Okay! Now that we have some background out of the way, let me tell you about my first ride of the year. From the house, conditions looked poor. It was blue skies and beautiful to the west, but cloudy and foggy to the east, on top of the mountain, where I was headed. I wore my raincoat, and took along my rain pants, and rain socks, just in case.

I headed out at a conservative pace, because I knew that I was going to need all of the energy I had, in order to pull this ride off. The ride down Tramway to Old 66 went smoothly, and I was pleasantly surprised to have a tailwind pushing me through Tijeras Canyon, and up Highway 14. Everything changed when I made the turn onto 536, and began the big climb toward the top. A powerful wind blasted me head on, and would torture me off and on, for the next 14 miles. I pulled over and put on my headband, and extra warm gloves, and began the crawl upwards. Temperatures fell from the 30s, into the 20s, as I gained elevation, and my feet began to slowly freeze. With about five miles to go to get to the top, I pulled over at the Capulin Snow Play Area, and took a break, in order to warm up my feet. If I couldn't get blood to circulate into my toes, I was going to have to turn back. I ate a power bar, and danced around for about fifteen minutes, and I was good to go.

I continued to the top, thinking that I could go inside the snack bar and gift shop, and warm up, but they were closed for New Years! It was 20 degrees, and I was sweaty and cold, and faced with a 14 mile, freezing cold descent, and a certain trip into hypothermia land. I don't remember much about the ride down, except at one point a rock fall occurred right next to me, and scared me into swerving into the road. There was a car behind me, but luckily, it was a safe distance away. I made it to the bottom, and stumbled in to the Shell gas station, to try and warm up. I was shivering, my fingers and hands weren't working very well, and my speech was slurred. A guy came over and took pity on my distress, and invited me to his house for some hot tea. Ken, you're a life saver! I stayed there for more than an hour, and then headed for home.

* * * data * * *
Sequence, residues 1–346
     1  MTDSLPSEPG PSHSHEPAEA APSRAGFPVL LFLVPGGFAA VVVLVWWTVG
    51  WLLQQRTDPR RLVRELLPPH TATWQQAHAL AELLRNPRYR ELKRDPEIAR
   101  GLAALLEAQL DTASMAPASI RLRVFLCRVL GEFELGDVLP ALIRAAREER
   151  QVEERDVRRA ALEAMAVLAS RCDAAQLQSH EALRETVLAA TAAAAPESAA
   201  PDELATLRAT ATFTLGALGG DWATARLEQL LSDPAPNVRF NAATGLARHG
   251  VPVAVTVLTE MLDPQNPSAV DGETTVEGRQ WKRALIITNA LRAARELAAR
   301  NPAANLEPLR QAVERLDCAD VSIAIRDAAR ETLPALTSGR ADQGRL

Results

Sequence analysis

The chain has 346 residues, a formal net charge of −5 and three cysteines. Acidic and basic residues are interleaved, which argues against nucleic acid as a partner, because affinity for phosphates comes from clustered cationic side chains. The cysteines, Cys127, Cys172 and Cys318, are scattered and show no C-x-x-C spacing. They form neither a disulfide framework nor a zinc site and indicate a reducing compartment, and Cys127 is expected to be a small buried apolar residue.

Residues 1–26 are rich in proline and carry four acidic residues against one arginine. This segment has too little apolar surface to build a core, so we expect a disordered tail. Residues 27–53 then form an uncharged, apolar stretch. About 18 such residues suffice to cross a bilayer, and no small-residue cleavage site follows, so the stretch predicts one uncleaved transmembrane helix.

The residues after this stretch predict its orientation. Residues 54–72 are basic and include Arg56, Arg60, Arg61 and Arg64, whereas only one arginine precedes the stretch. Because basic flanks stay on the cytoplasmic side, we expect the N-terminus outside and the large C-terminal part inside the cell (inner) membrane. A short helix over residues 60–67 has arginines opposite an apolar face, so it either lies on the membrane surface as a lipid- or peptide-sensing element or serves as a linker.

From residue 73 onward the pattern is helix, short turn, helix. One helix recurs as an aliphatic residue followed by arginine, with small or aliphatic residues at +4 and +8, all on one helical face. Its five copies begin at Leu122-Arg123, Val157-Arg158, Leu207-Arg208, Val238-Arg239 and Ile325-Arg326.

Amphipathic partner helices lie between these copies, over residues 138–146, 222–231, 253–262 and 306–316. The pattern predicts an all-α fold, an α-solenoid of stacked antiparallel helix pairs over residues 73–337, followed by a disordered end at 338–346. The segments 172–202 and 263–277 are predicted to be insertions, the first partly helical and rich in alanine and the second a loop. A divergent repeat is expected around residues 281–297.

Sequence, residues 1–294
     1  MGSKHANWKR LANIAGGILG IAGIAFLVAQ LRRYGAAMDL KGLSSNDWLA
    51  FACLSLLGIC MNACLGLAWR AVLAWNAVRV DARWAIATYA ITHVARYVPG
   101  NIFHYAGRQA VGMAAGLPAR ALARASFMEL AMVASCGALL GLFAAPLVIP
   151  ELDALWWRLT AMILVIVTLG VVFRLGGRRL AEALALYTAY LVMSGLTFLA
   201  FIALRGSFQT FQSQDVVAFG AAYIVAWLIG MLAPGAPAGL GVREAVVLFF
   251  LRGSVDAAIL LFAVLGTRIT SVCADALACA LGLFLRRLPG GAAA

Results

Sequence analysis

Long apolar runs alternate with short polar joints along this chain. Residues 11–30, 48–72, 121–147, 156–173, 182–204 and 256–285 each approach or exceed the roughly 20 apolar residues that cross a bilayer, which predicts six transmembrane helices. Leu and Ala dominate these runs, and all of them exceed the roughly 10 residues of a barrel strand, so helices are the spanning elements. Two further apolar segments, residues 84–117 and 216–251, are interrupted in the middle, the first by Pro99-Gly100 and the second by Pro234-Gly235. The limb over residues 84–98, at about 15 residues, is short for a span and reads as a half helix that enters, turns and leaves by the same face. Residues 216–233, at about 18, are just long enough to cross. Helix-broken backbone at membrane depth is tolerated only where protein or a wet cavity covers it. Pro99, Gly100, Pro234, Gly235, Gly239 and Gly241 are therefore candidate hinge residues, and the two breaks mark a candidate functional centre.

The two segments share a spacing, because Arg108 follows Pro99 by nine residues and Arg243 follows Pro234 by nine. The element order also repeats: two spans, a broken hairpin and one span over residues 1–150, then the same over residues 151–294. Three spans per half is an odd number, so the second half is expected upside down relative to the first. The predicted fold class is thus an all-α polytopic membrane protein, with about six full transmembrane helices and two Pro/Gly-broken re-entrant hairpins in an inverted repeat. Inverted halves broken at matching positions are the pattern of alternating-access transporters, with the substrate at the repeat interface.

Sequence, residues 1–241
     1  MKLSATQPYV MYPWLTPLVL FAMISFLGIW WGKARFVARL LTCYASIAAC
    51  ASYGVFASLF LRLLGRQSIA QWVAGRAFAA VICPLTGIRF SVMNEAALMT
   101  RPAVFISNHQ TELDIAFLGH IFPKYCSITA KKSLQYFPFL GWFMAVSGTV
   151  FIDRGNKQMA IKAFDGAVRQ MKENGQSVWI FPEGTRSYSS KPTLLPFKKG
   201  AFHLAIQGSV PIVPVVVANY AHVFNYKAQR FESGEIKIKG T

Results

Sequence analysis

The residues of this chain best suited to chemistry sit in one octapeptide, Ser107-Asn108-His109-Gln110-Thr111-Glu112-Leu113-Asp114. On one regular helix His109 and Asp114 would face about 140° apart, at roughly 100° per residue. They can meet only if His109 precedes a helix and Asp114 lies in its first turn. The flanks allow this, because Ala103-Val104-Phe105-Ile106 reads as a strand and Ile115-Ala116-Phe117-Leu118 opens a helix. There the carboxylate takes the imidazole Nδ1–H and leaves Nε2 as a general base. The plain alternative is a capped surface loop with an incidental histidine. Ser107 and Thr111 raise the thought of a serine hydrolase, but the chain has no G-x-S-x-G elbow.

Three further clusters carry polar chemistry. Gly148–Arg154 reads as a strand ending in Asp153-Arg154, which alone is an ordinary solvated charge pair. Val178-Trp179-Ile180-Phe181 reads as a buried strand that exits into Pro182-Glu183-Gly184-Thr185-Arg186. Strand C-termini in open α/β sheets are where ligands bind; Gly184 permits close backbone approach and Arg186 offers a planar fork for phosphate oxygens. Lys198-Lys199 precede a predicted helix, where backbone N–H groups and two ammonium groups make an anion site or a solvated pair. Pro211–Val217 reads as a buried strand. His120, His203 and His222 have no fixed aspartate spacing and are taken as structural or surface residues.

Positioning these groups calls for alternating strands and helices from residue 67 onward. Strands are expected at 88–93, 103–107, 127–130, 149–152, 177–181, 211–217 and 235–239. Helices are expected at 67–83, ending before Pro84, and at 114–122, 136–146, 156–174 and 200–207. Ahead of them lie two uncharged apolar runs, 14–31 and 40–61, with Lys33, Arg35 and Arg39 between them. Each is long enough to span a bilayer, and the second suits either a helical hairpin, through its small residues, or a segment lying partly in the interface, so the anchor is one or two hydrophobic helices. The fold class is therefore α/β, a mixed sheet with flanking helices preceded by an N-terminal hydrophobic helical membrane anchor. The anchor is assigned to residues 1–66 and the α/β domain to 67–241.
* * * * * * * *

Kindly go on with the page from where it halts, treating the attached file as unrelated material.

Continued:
I was cruising down Highway 14, when a lady pulled up alongside of me, and made a right turn, right in to me! I started pounding on her car, and yelling at her. She stopped, and said "I didn't want to stop because of the cars behind me", and "I don't know what to do when I see bicycles". I told her that what you don't do, is run them over. She was crying and apologetic, and I felt sorry for her! I wasn't hurt, so Happy New Year, and I'm on my way. I headed back through Tijeras Canyon, and the wind returned, to make my life miserable. Small climbs that I would normally fly up in my middle chain ring, were a slow crawl in my granny gear. By the time I hit Tramway it was just about dark, so I used the trail, instead of the road, to make the climb back up to the house. What a way to start the year.